If you would like to join in the challenge here are the details:

http://anotherdayinmommadise.wordpress.com/2014/11/01/prematurity-awareness-month-30-day-photo-challenge/

Prematurity Awareness Month 30 Day Photo Challenge, Day 6

DAY 6: Food

While they’re in the NICU, premature babies have several milestones to meet before they can go home with their parents. Before NICU discharge, premature babies need to be able to breathe, eat, and keep their temperatures stable.

Breathe without oxygen: One of the first milestones that many premature babies meet is being able to keep their oxygen saturation high without needing extra oxygen or other respiratory support. Many preemies need some kind of respiratory support soon after birth. Some babies may only need extra oxygen for a short time, but others need it for longer. Babies who are very small or very early at birth are at risk for a chronic condition called BPD and may need extra oxygen even after they’re ready to go home.

Luckily we did not need to be intubated, even though I did not get any steroid shots before BB#2 was born. BB#2 did not get any surfactants either after he was born. He was on CPAP for a few days and after that he got oxygen into his incubator for a few weeks. And finally he was breathing on his own without any help, any plus oxygen. He did not develope BPD.

Maintain a stable temperature: Most premature babies need to sleep in an incubator to stay warm. Premature babies aren’t able to keep themselves warm. It is a milestone that is based on weight more than gestational age, and most babies are able to keep themselves warm by the time they weigh about 4 pounds.

Take all feedings by mouth: Premature babies are not as strong as full-term babies and aren’t able to coordinate sucking and swallowing until about 32 to 34 weeks gestational age. Most premature babies are nourished with TPN (total parenteral nutrition, a type of IV fluid that provides total nutrition to someone who cannot take any nourishment by mouth. TPN contains sugars, electrolytes, vitamins, proteins, and fats, and can supply all of the nutrients that the body needs. Premature babies often receive TPN while their intestines mature. The TPN will be given through an IV, an umbilical catheter, or a PICC line. When milk feedings are started, the amount of TPN that a baby receives will gradually be tapered down as the milk feedings are increased.) at first, and they are fed through a feeding tube until they’re strong enough to drink from the breast or from a bottle. Before babies can be discharged from the NICU, they should be eating from a bottle well enough that they are gaining weight steadily.

BB#2 had the most problems with feedings. He had a feeding tube for about 6 weeks, through which he got my breast milk that I pumped for him around the clock. He also received parenteral nutrition through his PICC line for weeks. In the begining he had problems with digesting my milk. He would get sick from it. So there would be days he did not get any milk, just the TPN. It was the most awful feeling that I would take him the milk and they would say he cannot be fed through his tube yet 😦 We had to run at this feeding issue 3x times before he finally stopped getting sick and could start getting my milk, but this took about the first 10 days of his life. They also started to investigate if he has NEC (Necrotizing enterocolitis, where portions of the bowel undergo necrosis (tissue death)). They said the x-ray did not prove this, and finally he overcame the problems and started digesting the milk.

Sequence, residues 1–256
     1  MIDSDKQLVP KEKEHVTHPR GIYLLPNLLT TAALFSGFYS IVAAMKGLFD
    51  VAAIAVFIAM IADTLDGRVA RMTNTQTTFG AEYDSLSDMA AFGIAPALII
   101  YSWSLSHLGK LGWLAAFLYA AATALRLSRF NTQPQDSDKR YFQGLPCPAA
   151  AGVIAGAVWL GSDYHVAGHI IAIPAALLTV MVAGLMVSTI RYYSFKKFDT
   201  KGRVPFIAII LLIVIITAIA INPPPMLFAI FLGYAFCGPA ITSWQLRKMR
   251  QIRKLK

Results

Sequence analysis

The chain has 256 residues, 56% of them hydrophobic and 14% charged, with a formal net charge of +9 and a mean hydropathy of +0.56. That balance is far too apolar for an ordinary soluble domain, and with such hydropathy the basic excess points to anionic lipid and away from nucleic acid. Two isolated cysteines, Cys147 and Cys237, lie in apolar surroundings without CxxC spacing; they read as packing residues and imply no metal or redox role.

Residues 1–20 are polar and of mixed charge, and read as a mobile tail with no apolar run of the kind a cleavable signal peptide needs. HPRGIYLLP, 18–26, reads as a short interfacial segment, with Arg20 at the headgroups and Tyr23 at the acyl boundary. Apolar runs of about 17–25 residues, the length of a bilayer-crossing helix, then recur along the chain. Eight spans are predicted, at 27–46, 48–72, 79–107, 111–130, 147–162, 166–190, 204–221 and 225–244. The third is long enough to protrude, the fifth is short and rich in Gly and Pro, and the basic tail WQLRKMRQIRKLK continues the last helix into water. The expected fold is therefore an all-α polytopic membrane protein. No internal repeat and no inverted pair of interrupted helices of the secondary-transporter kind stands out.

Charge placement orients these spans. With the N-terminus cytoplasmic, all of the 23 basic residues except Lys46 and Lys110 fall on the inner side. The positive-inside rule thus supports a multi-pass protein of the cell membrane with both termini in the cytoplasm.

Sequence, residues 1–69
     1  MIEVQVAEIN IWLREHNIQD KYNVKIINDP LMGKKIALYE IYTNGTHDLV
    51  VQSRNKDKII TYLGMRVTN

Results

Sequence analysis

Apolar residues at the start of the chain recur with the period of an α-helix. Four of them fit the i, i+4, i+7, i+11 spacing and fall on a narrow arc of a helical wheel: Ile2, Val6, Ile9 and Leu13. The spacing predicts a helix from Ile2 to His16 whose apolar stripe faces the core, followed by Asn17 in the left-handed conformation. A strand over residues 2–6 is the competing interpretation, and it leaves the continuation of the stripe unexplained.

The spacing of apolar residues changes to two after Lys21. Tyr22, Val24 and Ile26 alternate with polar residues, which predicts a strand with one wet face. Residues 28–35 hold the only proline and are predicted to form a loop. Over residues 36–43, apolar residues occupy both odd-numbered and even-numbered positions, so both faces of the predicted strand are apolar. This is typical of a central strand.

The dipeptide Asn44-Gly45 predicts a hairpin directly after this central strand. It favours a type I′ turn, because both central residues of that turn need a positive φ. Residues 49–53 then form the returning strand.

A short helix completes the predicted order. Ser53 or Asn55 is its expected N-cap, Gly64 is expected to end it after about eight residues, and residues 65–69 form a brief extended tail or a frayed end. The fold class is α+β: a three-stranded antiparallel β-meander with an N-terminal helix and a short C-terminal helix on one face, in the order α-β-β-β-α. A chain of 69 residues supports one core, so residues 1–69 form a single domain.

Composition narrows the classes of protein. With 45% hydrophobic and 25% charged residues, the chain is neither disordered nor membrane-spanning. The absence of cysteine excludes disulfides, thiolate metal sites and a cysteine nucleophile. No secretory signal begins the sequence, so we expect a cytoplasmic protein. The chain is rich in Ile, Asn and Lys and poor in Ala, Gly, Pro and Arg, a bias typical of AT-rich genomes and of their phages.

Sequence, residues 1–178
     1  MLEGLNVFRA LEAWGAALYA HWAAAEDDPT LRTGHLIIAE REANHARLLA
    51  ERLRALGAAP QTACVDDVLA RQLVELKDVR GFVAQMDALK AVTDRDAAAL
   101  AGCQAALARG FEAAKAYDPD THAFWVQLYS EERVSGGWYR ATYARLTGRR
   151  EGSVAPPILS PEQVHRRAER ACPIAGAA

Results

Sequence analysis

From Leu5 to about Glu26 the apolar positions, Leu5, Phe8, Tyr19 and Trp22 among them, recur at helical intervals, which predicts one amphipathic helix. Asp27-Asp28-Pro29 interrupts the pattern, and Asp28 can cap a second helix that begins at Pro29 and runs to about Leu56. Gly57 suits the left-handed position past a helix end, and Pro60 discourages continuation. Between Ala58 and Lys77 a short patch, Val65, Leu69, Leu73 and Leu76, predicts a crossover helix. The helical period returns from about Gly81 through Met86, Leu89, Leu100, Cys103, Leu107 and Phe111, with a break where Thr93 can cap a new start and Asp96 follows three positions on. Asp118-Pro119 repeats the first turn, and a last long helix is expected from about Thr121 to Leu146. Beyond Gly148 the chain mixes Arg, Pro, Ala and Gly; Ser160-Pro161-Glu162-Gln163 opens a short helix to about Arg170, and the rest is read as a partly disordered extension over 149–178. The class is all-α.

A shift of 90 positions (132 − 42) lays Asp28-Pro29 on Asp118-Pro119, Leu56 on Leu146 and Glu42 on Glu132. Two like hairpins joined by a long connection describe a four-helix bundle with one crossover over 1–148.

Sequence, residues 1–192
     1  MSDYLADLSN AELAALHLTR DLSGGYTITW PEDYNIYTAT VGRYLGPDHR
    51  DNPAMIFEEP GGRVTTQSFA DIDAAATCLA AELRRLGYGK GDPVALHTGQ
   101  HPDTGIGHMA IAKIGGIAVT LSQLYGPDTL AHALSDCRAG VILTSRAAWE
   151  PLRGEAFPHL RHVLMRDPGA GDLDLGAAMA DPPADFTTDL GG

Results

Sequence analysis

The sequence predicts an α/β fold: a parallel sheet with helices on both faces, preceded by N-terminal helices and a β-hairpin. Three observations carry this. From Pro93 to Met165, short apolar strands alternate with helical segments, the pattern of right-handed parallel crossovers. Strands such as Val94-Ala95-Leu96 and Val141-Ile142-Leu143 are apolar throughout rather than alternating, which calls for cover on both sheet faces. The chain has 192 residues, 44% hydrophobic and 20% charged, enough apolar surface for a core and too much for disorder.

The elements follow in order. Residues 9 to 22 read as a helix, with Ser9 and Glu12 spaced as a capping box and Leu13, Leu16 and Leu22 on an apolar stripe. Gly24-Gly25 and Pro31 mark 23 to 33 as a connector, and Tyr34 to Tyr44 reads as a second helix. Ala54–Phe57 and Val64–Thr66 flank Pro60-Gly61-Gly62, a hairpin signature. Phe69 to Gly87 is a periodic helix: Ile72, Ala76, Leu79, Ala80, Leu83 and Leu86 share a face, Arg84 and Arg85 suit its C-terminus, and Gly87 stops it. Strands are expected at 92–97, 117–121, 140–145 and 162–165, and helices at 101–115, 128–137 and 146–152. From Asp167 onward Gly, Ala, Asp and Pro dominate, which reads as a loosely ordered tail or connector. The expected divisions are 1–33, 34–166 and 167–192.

Eventually he learned to take a bottle, and a few days before his discharge he started learning the art of breastfeeding, which he continued to do untill he was 9 months old. My milk however was not enough so we had to supplement with formula and pumped milk, so our feeding routine was a pain in the…. First measure baby, then breastfeed, measure baby again, calculate how much he ate, then make some formula, feed to baby. Then pump the remaining milk that he left inside, because he was too tired to work that hard 😦

So as you can see feeding preemies are not easy. Not easy for the baby, or the Mom or the doctors/nurses.

And still we came out lucky because after the initial problems we did not develop reflux or any oral aversions and we were not even colicky

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BB#2, 11 days old. You can see the feeding tube in his mouth and the TPN went into his arm. (not the one pictured, the other one).

If you would like to join in the challenge here are the details:

http://anotherdayinmommadise.wordpress.com/2014/11/01/prematurity-awareness-month-30-day-photo-challenge/